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December, 6, 2016

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Health > Children’s Health
Study suggests babies only breast-fed may gain less weight during first year
Babies who are breast-fed gain less weight over their first year of life compared to babies fed either breast milk or formula from a bottle, according to a U.S. study.
 
Children face a growing risk from "button" batteries, according to a U.S. study showing a near doubling of emergency room visits in the past two decades as the objects can cause electrical or chemical burns if swallowed.
 
Children whose mothers smoked during pregnancy may have a tougher time controlling their asthma than other kids do, a new study suggests.
 
Children conceived with the aid of fertility treatments are more likely to be born with serious physical defects, according an Australian study published Saturday.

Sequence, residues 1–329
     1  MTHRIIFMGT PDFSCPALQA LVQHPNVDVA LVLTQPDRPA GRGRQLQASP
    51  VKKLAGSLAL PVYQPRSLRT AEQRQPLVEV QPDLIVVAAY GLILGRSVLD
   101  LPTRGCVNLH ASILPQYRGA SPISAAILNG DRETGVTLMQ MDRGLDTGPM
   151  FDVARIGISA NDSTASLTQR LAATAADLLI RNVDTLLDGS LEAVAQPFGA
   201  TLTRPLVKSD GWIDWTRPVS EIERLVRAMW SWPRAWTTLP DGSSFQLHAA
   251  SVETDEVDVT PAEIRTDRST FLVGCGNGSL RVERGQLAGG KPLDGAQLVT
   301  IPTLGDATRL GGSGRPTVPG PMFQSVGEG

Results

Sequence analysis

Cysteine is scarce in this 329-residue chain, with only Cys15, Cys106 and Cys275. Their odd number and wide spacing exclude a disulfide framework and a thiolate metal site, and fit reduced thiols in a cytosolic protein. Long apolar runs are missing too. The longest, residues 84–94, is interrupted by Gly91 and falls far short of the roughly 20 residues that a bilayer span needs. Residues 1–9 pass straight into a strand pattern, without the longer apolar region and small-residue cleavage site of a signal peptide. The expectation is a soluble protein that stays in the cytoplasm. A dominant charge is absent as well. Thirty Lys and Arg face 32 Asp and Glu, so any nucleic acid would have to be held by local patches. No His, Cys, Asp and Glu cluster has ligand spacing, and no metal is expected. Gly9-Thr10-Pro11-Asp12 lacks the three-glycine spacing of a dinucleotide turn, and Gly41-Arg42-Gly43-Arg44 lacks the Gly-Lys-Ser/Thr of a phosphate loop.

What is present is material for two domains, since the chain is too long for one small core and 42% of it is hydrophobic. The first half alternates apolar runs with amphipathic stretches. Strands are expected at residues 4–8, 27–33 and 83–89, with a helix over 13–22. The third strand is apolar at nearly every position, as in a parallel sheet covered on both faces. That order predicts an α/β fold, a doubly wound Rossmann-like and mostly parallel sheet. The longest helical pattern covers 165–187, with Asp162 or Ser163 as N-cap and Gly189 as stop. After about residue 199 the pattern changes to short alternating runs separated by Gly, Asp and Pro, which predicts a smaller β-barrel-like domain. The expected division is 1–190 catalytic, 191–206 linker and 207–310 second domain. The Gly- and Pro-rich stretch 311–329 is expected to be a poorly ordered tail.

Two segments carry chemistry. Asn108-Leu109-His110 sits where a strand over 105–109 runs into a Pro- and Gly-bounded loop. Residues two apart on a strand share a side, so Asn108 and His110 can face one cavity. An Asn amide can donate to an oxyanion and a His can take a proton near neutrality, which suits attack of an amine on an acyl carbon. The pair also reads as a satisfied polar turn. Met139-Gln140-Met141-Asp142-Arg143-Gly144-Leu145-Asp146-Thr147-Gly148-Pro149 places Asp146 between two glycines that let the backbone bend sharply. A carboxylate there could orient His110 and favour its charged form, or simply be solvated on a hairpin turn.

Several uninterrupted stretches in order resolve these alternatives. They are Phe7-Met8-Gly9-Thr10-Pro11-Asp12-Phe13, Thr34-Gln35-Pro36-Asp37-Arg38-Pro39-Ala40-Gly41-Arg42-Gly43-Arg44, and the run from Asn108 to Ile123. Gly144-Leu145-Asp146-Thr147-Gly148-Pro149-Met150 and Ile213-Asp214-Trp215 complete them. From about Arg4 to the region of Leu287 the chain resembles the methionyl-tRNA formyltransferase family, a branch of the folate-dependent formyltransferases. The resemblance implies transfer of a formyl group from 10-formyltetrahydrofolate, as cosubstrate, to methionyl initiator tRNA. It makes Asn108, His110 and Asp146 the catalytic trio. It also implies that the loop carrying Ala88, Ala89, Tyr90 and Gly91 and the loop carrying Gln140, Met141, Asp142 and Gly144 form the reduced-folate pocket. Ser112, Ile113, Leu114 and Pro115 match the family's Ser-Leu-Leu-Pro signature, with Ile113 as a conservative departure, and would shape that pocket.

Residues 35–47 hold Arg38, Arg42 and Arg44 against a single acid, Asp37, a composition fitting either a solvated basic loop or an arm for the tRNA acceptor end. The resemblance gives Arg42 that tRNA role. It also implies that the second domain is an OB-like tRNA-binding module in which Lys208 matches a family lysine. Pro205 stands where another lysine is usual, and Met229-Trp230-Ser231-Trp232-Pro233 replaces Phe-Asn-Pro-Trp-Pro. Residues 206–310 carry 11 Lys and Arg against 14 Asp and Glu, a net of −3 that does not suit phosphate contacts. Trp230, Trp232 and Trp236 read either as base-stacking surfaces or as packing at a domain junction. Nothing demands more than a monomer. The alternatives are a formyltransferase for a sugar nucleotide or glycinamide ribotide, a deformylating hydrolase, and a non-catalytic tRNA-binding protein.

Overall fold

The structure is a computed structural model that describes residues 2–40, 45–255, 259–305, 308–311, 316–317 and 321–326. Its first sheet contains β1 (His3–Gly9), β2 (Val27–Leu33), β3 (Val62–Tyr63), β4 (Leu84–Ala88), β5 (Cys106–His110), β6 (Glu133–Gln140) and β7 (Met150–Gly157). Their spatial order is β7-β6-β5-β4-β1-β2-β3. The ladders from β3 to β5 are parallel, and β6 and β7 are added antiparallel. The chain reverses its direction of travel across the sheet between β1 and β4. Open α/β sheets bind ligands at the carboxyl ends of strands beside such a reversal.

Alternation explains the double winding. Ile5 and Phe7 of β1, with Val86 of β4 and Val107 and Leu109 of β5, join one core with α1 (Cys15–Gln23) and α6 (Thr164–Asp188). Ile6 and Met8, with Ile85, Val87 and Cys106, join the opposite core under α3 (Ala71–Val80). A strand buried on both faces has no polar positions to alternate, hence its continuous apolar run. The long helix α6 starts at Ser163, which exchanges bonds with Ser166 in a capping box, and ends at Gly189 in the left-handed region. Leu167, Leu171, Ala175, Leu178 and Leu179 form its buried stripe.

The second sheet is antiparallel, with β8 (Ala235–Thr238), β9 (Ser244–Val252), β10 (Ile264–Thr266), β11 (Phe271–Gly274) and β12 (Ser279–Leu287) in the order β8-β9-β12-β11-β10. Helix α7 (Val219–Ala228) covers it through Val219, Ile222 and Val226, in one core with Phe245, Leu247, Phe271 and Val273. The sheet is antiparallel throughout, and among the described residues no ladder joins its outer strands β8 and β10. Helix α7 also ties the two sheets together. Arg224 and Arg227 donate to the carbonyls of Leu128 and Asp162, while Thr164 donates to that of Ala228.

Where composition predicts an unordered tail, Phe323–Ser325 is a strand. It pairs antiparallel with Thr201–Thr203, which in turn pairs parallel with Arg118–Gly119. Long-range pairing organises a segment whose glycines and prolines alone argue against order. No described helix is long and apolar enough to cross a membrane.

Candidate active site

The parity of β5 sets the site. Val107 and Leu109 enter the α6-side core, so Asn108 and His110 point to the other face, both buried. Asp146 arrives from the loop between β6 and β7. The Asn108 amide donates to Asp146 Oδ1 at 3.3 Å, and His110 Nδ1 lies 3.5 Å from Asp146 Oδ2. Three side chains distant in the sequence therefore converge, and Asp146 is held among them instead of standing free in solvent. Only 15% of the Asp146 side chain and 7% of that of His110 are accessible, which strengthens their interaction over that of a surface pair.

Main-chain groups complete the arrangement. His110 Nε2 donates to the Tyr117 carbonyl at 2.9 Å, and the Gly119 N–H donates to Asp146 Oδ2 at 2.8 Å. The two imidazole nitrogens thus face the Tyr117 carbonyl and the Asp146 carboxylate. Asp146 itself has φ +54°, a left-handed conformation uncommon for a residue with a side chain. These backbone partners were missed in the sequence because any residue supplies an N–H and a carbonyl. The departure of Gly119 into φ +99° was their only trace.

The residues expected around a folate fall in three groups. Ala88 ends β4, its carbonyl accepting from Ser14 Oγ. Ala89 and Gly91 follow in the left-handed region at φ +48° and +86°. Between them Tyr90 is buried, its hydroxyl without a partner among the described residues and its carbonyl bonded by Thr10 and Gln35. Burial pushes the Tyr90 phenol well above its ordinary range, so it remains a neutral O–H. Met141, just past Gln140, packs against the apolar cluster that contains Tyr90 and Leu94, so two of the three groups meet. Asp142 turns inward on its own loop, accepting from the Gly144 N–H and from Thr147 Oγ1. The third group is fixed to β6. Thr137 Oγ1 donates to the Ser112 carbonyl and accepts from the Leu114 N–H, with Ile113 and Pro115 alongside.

A new magnetic back--straightening rod holds promise for treating children born with curved spines without the need for six--monthly surgery, researchers in Hong Kong said Thursday.
 
Childhood deaths from injury have dropped almost 30 percent over the past decade, but suffocation deaths by infants and fatal poisonings among teens have risen, said a U.S. study out Monday.
 
The number of children diagnosed with autism in the United States has risen 23 percent since 2009, with one in 88 children affected according to official health data released on Thursday.
 
The first study to look at methamphetamine's potential lasting effects on children whose mothers used it in pregnancy finds these kids at higher risk for behavior problems than other children.
 
Four pharmaceutical companies that make a crucial cancer drug for children that's suddenly in short supply are being urged to try to quickly step up production to prevent unnecessary deaths.
 
Parents of children suffering from high cholesterol or blood pressure have been found to have a higher incidence of heart disease and diabetes later on, a U.S. study said.
 
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